Interstellar Review: A Space Odyssey For Our Times

Despite being ambitious to a fault, Nolan's latest epic is masterfully envisioned.
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If you’ve read any review or material regarding Interstellar, the words ‘Kubrick’ and ‘2001’ are most likely to have popped up. Having only recently seen the sci-fi classic myself, I was wary of these comparisons as I entered the TCL Chinese Theatre in Hollywood. But brushing them aside, I sat down and honestly still had no idea what to expect.


2 hours and 40 minutes later, I walked out of that cinema stunned, though not necessarily in the awe-struck sense of the word. I didn’t know what to make of the film, and that rarely happens. On a purely visual level, it was undeniably mesmerizing (especially on 70mm IMAX format). Before I elaborate any further, I want to stress that this is definitely a film worth watching – it is visionary in its scale and wonderfully ambitious – for better or for worse, ambition is always welcome when one considers the current landscape of blockbusters. But here’s the flip side:


The problem with loving Christopher Nolan films is that you unwittingly crave for the intricate plots of Memento and Inception, and the psychological complexity of The Dark Knight and The Prestige… Sure, Interstellar contains clear elements of grandeur and plenty of cerebral themes (though the latter felt slightly forced in the form of unexplained scientific theories), but fundamentally the film falls a bit flat in respect to its narrative structure and pacing. Without going into specific detail and spoilers, there were a few false notes in the film – and by that I refer to characters spewing dialogue that hinders on cheesiness (but still not as bad as this Batman/Bane’s exchange in TDKR), and their behaving in ways that can only be justified as pushing the plot forward, etc. The most frustrating narrative hiccup for me was an introduction to a new character around the film’s halfway point, which seemed to serve no purpose except to take the audience completely out of the film and offer some sci-fi B-movie twist.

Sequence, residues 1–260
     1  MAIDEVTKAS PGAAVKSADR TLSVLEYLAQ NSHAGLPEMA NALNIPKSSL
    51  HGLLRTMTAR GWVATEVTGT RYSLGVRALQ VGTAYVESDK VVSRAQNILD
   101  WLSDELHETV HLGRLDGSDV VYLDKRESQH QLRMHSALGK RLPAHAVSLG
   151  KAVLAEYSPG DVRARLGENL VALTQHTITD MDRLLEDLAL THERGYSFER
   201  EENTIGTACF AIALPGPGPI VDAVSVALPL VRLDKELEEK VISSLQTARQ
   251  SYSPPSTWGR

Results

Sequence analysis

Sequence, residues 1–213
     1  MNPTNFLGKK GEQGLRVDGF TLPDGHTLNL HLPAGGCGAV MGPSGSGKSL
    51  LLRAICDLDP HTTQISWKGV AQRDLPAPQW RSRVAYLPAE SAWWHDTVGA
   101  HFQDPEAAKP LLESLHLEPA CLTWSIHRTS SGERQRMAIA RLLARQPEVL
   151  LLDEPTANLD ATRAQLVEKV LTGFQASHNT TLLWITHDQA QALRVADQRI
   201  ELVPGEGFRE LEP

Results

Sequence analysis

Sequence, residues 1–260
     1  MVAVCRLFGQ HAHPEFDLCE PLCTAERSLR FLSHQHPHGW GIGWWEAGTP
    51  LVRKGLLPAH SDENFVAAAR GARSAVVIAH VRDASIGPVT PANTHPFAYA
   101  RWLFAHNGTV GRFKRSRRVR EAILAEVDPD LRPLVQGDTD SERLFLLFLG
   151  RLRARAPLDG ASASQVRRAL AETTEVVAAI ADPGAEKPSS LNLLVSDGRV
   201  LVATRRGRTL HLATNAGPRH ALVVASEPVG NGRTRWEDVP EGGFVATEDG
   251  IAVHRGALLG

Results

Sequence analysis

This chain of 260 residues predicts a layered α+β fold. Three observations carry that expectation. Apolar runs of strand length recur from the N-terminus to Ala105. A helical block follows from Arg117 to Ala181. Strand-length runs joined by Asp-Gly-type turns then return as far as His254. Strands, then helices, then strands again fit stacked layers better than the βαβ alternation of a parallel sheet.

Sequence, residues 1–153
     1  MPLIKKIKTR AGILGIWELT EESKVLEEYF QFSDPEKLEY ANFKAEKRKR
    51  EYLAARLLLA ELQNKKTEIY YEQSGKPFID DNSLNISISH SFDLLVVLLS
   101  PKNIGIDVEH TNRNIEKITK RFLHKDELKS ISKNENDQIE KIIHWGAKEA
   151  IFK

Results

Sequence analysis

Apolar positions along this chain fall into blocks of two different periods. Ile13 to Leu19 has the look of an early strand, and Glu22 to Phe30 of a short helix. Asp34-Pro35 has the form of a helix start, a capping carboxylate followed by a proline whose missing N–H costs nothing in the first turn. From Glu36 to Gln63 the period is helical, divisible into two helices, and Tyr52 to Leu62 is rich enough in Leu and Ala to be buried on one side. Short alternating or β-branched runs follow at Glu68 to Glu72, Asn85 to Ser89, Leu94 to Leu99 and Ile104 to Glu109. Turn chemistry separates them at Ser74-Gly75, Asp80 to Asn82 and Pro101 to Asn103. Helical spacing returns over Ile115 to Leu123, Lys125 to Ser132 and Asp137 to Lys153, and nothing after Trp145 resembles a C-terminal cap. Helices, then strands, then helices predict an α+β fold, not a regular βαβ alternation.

Christopher Nolan has always advocated his love for the IMAX format (sans 3D)

Christopher Nolan has always advocated his love for the IMAX format (sans 3D)


While my critiques seem to be piling up at this point, I have to stress that in spite of these gripes there were still many moments in Interstellar that made me consciously think:

“well sh*t, that was incredible.”

The space sequences could not have looked more stunning and technically impressive, a remarkable feat considering we were only just dazzled by Alfonso Cuaron’s Gravity last year. In one particular scene, Nolan’s imaginative portrayal of a much represented scientific phenomenon (named ‘Gargantua’ in the film) absolutely floored me. Upon witnessing it, I ceased to worry about structure and character faults and was reminded that I was having a genuine cinematic experience. And so you can imagine the difficulty I face in trying to assess a film that often slips up, but quickly and amazingly redeems itself simultaneously.

In regards to the Kubrick comparisons, it was my original intention to emphasize the futility of judging Interstellar as the ‘next 2001‘ (before you stop me, I am fully aware of this review’s title, you’ll soon see why). I’ve seen so many critics jump to assessing Nolan’s film as less successful based on the way he presents his grand ideas, and explains them in some cases. 2001 baffled audiences, to say the least, yet it seems that the ambiguous elements which may have angered and confused some moviegoers in 1968 are now considered to elevate Kubrick’s film above Nolan’s. Ambiguity is apparently more ‘complex’ and intellectually satisfying.


Interstellar deserves to be seen just for being a visual marvel

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But all of this becomes redundant when we realize that 2001 and Interstellar share very little apart from the fact that both films are set in outer space. So those who try to hold Nolan’s films to Kubrickian standards are missing the point: these are two vastly different films, in both execution and intention. Whether one film holds more intrigue than the other becomes utterly irrelevant. All in all, we should not criticize Interstellar for allowing some of its mysteries to be resolved (honestly there are still PLENTY of things left unexplained, loopholes even – an inevitable part of time-travelling epics). Instead let’s just appreciate the spectacle that is Nolan’s space odyssey, and by that I make no reference whatsoever. Because the film can only be described as that, an odyssey that evokes contemporary fears of global extinction – yet remains sentimental at its core. Nolan may be known for his coolness and convoluted plots, but his films have always been grounded in human themes, that of family, and of love (I’m not trying to get sappy here, one character in the film actually goes out and declares the latter as the singular thing which transcends all dimensions). Perhaps it is this attempt to fuse hard science, black holes, theories of relativity with love that makes things problematic.

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